DNA origami, make room: proteins can be bioengineered to fold up into three-dimensional architectures from one continuous strand, reports work published online this week in Nature Chemical Biology.
DNA origami, in which specific base pairing has been used to design a large variety of structures such as smiley faces, university logos, and boxes, has provided inspiration for scientists hoping to create ‘smart’ materials or simply explore our understanding of the forces that control molecular interactions. Protein assembly has also been studied, but these experiments have only utilized multiple short sequences interacting together to form larger structures.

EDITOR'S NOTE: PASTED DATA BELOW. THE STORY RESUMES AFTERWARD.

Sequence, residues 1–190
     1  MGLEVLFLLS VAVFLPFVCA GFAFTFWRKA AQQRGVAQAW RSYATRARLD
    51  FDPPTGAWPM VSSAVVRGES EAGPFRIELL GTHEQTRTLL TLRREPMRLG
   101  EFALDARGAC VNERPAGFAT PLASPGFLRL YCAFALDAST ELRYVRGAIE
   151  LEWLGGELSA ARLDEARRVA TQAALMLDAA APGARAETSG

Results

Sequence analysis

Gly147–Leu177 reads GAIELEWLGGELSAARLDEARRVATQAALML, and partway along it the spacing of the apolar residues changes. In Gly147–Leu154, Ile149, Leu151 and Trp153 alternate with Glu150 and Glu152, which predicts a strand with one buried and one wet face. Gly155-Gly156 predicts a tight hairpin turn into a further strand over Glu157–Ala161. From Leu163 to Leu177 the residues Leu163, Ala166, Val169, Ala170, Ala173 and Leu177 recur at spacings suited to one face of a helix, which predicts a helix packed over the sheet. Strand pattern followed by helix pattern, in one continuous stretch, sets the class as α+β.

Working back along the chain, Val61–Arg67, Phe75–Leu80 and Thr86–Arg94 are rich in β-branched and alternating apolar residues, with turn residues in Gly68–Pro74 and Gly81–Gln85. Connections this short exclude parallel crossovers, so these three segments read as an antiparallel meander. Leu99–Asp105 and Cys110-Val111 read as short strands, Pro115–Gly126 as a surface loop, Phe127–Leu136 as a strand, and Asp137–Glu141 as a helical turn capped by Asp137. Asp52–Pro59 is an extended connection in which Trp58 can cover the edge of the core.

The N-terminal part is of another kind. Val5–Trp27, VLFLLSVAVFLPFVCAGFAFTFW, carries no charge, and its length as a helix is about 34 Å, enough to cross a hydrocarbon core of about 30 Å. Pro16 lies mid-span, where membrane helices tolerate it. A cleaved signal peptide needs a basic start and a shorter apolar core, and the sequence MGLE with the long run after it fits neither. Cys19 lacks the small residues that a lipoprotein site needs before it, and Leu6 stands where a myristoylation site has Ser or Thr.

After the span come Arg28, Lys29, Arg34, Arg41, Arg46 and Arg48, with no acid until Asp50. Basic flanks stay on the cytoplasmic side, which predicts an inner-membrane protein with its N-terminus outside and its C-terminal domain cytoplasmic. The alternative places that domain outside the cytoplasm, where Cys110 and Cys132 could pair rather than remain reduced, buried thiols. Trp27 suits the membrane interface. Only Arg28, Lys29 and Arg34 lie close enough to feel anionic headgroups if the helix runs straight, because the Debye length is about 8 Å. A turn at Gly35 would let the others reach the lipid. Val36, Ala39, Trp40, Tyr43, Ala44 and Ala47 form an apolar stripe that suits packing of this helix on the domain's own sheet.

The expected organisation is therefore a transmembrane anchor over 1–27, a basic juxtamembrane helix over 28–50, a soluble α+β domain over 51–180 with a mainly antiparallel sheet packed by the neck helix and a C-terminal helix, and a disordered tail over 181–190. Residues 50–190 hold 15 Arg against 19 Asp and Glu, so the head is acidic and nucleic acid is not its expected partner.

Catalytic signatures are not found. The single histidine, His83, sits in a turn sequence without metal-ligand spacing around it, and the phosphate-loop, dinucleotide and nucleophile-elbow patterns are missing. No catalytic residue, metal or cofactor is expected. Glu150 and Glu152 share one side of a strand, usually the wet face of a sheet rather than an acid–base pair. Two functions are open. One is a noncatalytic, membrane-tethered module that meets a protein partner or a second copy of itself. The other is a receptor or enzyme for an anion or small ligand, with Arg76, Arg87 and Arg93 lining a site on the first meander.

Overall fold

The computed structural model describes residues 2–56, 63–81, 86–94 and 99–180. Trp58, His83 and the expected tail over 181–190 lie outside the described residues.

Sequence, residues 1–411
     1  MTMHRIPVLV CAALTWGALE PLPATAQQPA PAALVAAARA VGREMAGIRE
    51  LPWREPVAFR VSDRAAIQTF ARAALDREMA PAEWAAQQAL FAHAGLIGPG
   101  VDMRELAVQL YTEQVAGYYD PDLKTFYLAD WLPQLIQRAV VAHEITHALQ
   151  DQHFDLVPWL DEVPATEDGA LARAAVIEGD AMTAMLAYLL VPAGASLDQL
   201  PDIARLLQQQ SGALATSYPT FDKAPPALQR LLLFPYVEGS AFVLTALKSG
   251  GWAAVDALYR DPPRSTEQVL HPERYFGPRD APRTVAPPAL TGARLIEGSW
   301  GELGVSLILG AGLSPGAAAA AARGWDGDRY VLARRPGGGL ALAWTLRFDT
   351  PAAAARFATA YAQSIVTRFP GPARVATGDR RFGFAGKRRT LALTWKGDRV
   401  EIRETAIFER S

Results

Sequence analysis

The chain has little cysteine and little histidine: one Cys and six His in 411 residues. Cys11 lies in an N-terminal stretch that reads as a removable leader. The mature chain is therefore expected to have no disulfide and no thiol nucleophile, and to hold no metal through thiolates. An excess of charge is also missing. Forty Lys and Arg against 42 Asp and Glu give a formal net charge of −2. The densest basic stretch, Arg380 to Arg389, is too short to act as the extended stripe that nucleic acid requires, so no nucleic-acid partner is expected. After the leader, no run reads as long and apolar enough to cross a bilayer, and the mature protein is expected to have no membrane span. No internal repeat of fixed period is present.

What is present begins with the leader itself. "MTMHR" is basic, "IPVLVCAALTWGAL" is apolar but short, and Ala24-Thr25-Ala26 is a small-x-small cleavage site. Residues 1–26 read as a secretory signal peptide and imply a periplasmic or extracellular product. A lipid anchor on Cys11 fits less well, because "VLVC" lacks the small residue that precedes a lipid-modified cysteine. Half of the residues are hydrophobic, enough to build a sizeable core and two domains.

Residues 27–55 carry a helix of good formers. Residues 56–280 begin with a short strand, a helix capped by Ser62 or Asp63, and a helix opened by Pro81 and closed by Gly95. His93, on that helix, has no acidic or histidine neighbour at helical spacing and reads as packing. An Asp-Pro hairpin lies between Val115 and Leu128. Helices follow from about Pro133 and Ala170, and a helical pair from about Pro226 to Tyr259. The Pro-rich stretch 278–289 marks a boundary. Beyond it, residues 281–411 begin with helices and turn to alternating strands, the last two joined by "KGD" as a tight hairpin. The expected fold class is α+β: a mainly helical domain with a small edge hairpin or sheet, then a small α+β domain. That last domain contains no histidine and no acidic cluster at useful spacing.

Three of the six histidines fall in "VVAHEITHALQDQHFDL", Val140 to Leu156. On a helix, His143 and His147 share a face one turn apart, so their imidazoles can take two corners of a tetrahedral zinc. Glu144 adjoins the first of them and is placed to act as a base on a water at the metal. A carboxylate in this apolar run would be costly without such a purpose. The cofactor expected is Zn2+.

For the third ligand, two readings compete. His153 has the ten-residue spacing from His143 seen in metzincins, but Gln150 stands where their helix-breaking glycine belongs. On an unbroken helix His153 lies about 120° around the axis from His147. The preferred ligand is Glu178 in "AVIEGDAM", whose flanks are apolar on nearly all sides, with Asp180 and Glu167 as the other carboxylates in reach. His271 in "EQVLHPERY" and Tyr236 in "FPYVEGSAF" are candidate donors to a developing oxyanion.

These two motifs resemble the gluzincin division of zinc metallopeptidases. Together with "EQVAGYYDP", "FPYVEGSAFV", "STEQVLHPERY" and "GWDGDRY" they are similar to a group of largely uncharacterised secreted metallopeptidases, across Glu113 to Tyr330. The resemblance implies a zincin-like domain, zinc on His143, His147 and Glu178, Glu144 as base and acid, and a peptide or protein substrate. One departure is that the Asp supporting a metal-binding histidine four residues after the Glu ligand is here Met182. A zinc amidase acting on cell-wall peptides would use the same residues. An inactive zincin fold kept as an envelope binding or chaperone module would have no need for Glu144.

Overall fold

Roman Jerala and colleagues show that longer protein sequences - in this case, a polypeptide containing 12 helices in a row - can be prompted to fold into designed structures based on specific pairing of the helices. The authors characterize their newly folded tetrahedron with several techniques, including showing that scrambled or shortened sequences no longer form the right shape. As the building blocks that make up proteins are more diverse than those in DNA, this study opens the door for entirely new architectures that may have new functions as well, such as cargo delivery or the creation of artificial catalytic sites.
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